Second, the book is entertaining. Millard's prose is lively. She captures personalities as if she were writing a novel. She seasons the narrative with humor and creates tension as the events leading to Garfield's encounter with Guiteau unfold. Despite its attention to detail, the narrative moves at a brisk pace.

My sole complaint concerns the attention that Millard gives to Alexander Graham Bell. Granted that Bell's life intersected with Garfield's more than once, and that Bell worked diligently to invent a device that would pinpoint the location of the bullet lodged in Garfield's body, the full chapter and parts of several others devoted to Bell's life seem out of place, as if Millard felt the need to pad her relatively short book with filler. I would have preferred a more thorough discussion of the political aftermath of the shooting. Millard tells us of its unifying effect on a nation that emerged from the Civil War still deeply divided, but provides few facts to support that proposition. A more extensive look at the impact of the assassination on the country would have been more germane than the pages devoted to Bell's life before and after his invention of the telephone.

That criticism aside, Destiny of the Republic is perfect for readers (like me) who want to know about a key moment in American history without being subjected to mind-numbing detail or leaden prose. Millard's book is enlightening and enjoyable. Garfield is a dead president I'm happy to have met.
162 of 165 people found the following review helpful
5.0 out of 5 stars How Not to Treat a President 20 September 2011
By Just My Op - Published on Amazon.com
Format:Hardcover
If the 20th U. S. President, James A. Garfield, had not been so well attended by doctors, he very well might have survived being shot by an assassin. If his doctors, especially the controlling and pompous Dr. Doctor Bliss (no, Dr. Doctor is not a mistype), had been willing to practice Lister's antisepsis techniques, Garfield might have lived. And if the assassin, Guiteau, hadn't been a megalomaniac who thought he was supposed to kill the president, the medical care would never have been needed. As it was, Garfield died slowly and very painfully, and we never were able to benefit from the president he could have been.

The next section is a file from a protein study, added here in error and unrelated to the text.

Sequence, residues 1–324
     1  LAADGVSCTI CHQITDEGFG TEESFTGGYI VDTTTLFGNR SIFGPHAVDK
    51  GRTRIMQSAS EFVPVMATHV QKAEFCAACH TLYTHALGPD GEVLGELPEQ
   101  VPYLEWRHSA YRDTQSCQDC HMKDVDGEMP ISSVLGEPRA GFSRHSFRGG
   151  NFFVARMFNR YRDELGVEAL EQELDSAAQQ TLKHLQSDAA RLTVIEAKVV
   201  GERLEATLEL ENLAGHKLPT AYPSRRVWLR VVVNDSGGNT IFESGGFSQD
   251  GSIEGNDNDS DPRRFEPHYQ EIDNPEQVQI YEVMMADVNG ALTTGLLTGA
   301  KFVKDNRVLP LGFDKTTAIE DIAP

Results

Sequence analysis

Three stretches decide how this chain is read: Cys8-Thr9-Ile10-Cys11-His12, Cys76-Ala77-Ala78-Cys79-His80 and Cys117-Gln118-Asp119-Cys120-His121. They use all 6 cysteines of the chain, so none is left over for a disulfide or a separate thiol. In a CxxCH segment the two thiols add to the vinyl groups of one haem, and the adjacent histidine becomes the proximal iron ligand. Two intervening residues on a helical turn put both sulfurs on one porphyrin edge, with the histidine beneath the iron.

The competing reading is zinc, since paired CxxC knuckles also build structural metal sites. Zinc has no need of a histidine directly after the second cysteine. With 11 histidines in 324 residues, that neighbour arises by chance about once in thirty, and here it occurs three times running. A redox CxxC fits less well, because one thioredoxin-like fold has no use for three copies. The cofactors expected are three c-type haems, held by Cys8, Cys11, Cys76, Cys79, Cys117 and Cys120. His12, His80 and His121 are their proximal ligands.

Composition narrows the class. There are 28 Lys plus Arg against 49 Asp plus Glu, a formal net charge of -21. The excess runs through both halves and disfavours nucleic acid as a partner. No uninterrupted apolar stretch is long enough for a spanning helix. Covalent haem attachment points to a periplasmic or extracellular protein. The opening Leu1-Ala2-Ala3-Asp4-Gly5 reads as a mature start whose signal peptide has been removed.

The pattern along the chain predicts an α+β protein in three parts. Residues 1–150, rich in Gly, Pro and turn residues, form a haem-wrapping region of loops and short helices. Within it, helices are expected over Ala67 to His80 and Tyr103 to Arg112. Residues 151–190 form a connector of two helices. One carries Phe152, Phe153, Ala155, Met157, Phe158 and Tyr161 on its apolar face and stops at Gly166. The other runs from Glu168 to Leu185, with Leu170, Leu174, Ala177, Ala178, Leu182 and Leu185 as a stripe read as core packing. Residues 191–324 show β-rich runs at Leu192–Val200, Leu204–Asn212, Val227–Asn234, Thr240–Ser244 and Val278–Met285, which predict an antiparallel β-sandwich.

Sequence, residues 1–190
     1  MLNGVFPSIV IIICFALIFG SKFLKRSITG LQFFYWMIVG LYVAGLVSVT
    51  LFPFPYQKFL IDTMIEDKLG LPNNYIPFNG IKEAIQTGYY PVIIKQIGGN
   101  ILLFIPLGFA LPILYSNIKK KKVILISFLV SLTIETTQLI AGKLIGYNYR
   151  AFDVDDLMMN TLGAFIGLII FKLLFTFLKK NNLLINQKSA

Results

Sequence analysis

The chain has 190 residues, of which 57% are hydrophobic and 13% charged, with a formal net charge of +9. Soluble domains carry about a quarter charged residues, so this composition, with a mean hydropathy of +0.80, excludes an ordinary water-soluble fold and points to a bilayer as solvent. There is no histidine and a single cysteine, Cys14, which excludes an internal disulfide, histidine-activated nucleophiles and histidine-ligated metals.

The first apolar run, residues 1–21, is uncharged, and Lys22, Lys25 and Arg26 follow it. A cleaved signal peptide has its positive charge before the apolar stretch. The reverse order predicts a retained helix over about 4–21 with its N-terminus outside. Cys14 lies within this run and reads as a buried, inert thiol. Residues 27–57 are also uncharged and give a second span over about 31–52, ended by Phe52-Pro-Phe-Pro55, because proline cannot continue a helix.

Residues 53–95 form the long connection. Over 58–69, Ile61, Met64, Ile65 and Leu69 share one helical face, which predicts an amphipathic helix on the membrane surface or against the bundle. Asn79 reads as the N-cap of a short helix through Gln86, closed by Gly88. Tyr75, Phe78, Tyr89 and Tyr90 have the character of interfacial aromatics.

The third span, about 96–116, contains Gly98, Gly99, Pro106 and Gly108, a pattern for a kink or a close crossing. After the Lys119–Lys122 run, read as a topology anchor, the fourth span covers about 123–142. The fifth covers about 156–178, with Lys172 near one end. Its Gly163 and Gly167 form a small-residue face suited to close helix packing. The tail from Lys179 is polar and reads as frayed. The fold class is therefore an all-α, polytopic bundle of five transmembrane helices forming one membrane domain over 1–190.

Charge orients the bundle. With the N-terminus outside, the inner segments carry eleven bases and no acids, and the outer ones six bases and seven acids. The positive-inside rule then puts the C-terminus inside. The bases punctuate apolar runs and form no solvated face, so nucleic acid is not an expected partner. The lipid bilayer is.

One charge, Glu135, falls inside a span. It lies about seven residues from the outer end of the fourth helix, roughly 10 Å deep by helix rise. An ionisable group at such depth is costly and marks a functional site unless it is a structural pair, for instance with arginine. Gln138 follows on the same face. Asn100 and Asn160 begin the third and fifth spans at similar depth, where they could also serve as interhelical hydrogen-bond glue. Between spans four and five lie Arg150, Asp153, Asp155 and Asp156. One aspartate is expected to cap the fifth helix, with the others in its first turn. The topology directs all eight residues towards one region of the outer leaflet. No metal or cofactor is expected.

As sad as the story is, I loved the telling of it in this book. Author Candice Millard did a wonderful job of tying together the different people most important in this tragedy, and the mood of the times. I would never have known otherwise that Alexander Graham Bell invented a metal detector so that he could try to locate the bullet still in Garfield's body. I needed a bit stronger stomach than I have to read about Garfield's treatment and the progression of his illness. And, 130 years after his death, I am sorry that he did not get the chance to live his full potential as president. I highly recommend this excellent book.

Thank you to the publisher for giving me an advance reader's edition of the book.
128 of 142 people found the following review helpful
5.0 out of 5 stars Shot by a Madman, Killed by the Doctor 20 September 2011
By takingadayoff - Published on Amazon.com
Format:Hardcover
Having recently enjoyed the quirky Matthew Algeo book about Grover Cleveland, The President Is a Sick Man: Wherein the Supposedly Virtuous Grover Cleveland Survives a Secret Surgery at Sea and Vilifies the Courageous Newspaperman Who Dared Expose the Truth, I was ready to tackle another 19th century president.

Destiny of the Republic, which is a phrase from a nominating speech James A. Garfield gave at the Republican convention of 1880, is a fine bit of flowery oratory, but as a book title, I find it completely forgettable. "Decline of the Nation? Debacle of the Century? No, but it's something similar..."